“But it looks like that one boy is giving a speech.” Sarah stuck her head out the window to keep the newsboys in sight as their carriage pulled away from the corner.
“He probably is. They have to keep the boys stirred up or they’ll give in and start selling the papers again.”
“Why are they striking?”
“Because of the cost of the papers. The boys used to buy them in bundles of ten for five cents, then sell them for a penny apiece, but last year during the war with Spain, the Journal and the World raised the price of the papers to six cents for ten. The boys didn’t mind then because people were buying more papers during the war, so they were still doing well, but the war is long over and the two papers haven’t lowered their prices.”
“That’s not fair to the boys.”
“I guess it would be if they could charge more for the papers, but nobody is going to pay more than a penny for a newspaper, so they’re stuck.”
“You know a lot about it, Gino.”
“I used to sell newspapers when I was a kid. It’s a hard life. I was lucky because I had a home and a family to go to every night, though. A lot of the boys are orphans.”
Sarah nodded. “Or even worse, they’ve been abandoned by their families. I used to think all the children on the streets were orphans. I just couldn’t believe that people would turn out their own little ones to fend for themselves. Then I came to understand that sometimes they have no other choice.”
“It’s amazing how many of the kids seem to do all right, though. I’ve seen boys as young as six or seven managing on their own. Of course, some of them end up in gangs, but the rest of them look out for each other.”
“And the lodging houses help, too, I suppose. At least they don’t have to sleep on the streets in the dead of winter.”
Gino shook his head. “The boys actually prefer sleeping on the streets. They like being able to come and go as they please. The lodging houses make you come in by nine thirty, but the boys like to stay out late and go to the theater.”
“The theater?” Sarah exclaimed in delight.
“That’s right, and then they go to a diner and have supper and smoke cigars and talk about the show.”
“I had no idea!”
“The boys also don’t like the way they’re always preaching to them in the lodging houses, trying to make them take classes and giving them lectures and even trying to convince them to go on the Orphan Trains out West to get adopted.”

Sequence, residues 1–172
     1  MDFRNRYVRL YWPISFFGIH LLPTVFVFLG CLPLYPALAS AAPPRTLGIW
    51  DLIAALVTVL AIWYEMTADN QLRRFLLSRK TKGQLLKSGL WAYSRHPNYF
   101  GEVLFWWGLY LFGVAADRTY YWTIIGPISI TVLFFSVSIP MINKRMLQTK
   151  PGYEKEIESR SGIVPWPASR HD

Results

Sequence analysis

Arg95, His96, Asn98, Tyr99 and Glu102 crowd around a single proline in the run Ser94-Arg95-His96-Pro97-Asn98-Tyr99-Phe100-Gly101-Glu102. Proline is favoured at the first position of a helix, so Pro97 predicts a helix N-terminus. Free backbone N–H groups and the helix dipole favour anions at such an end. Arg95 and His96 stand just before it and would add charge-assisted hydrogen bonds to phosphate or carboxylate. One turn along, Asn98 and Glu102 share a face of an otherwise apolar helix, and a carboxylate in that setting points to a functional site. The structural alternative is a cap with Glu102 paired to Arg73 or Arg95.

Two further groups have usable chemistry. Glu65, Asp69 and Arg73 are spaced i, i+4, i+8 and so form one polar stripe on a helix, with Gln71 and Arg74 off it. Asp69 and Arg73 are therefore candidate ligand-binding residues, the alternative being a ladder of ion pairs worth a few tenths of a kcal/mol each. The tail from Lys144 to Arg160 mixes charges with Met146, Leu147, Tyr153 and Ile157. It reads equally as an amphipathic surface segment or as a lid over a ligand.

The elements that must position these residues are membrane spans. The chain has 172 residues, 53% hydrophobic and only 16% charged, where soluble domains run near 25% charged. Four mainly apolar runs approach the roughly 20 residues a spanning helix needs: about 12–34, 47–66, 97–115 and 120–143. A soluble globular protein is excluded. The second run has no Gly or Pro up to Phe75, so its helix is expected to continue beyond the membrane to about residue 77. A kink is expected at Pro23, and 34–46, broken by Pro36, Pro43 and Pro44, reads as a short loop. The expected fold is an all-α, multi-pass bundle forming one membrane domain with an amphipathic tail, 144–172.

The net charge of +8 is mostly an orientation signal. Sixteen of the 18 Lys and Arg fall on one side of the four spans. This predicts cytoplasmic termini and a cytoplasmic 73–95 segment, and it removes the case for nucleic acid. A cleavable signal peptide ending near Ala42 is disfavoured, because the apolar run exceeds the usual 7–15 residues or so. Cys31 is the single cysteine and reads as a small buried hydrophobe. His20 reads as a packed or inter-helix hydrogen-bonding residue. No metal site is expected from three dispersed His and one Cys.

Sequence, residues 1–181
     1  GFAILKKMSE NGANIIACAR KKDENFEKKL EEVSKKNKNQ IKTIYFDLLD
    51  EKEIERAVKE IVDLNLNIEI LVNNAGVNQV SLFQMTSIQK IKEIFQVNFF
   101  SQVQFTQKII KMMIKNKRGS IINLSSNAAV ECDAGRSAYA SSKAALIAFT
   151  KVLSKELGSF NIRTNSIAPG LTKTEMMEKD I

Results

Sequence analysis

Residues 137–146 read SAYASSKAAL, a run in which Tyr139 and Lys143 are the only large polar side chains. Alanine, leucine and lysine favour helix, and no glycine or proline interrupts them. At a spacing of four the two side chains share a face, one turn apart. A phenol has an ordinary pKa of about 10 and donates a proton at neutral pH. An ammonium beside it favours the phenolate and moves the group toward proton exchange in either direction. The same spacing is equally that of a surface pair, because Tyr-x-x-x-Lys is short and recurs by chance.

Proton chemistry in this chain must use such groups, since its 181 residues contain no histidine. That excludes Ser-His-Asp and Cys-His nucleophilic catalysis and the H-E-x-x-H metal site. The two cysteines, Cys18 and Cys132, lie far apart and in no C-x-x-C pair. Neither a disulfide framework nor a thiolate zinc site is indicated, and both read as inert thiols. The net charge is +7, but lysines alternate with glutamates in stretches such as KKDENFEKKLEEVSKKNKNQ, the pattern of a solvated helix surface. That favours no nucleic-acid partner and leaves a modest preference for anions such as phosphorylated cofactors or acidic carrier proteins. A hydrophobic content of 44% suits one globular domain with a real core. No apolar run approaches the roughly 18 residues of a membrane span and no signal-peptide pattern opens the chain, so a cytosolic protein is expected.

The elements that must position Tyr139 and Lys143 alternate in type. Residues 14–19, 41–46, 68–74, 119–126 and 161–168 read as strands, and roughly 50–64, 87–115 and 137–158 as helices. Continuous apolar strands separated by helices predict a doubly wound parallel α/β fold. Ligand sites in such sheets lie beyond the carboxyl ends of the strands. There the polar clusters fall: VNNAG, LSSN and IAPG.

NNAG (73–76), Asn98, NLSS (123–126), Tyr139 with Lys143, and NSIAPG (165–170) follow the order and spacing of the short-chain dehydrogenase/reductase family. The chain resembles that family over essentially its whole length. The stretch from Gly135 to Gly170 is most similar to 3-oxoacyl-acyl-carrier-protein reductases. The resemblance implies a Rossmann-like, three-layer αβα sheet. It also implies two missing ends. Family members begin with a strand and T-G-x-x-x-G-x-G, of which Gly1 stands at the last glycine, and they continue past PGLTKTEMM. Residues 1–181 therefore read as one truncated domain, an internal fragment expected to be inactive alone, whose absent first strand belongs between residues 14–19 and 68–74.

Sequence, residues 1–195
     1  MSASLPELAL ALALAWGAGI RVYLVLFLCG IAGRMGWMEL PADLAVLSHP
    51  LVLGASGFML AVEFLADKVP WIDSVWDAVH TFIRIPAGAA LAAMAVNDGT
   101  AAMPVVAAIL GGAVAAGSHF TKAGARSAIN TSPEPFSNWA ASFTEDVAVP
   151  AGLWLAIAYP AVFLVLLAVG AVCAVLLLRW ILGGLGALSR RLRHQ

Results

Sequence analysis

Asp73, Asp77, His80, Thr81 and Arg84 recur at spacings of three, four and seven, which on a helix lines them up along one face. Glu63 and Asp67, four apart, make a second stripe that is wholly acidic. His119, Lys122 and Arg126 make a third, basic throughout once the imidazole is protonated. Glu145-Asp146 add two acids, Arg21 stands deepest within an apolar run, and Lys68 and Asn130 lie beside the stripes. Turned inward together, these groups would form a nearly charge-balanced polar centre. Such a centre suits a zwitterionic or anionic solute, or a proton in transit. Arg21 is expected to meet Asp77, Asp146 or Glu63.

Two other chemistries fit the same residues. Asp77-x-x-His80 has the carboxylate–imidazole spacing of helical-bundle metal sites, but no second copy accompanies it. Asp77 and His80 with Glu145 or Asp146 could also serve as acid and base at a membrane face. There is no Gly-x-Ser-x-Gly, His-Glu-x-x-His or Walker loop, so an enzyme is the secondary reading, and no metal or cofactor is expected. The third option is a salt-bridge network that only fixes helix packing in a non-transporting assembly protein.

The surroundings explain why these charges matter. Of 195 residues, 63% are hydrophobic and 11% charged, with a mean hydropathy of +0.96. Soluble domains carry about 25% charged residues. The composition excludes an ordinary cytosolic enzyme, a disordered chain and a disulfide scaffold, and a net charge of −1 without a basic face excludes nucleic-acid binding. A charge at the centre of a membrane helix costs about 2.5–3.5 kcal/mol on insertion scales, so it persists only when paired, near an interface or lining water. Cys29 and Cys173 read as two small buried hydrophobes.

“Do a lot of them go on the Orphan Trains?”
“Not as many as you’d think. They like their freedom, I guess, and city boys are a little afraid of living in the country and doing farm work, too. The Orphan Trains have more luck with the really small kids who are too young to know what’s going on.”
“I expect the families like getting younger children, too.”
“I don’t know. Maybe they do if they really want more kids in their family, but a lot of them just want free labor for their farm, so they choose the older children and then turn them loose when they get too old to manage, or else the kids run away on their own.”
“Not exactly the happy ending the Children’s Aid Society claims, is it?”
“Not many orphans have happy endings anywhere.”
Sarah supposed he was right.
“So she finally found a house to suit her?” Malloy asked Gino when he turned up at their office. “I was starting to think it would never happen.”
“The houses in that part of the city aren’t . . . Well, there’s not a lot to choose from.”
“So I’ve heard, over and over again, every time Sarah goes looking.”
“This one is pretty bad, too, but it’s the best we’ve seen, and it’s big enough. And Mrs. Malloy said she’s going to put Maeve in charge of supervising the repairs,” Gino added with a grin.
“If you think I’m embarrassed because Maeve did a better job of that than I did at our own house, then you’re crazy. She can have that job and welcome to it. Now, we’ve got a new case, and it sounds like it might be fun for a change.”
Gino perked up immediately. “Fun? Did somebody get killed?”
“Gino, I’m ashamed of you. What would Maeve think if she heard you say a thing like that?”
“She’d wonder why you were ashamed of me for telling the truth.”
Frank sighed. “I guess you’re right. But no, nobody got killed. We’re just looking for a missing boy.” He gave Gino a summary of the story of the two brothers.
“I always suspected those Orphan Trains weren’t a good idea. I was just telling Mrs. Malloy about them this morning. But you say this Will Bert wants to take his brother back to Mississippi?”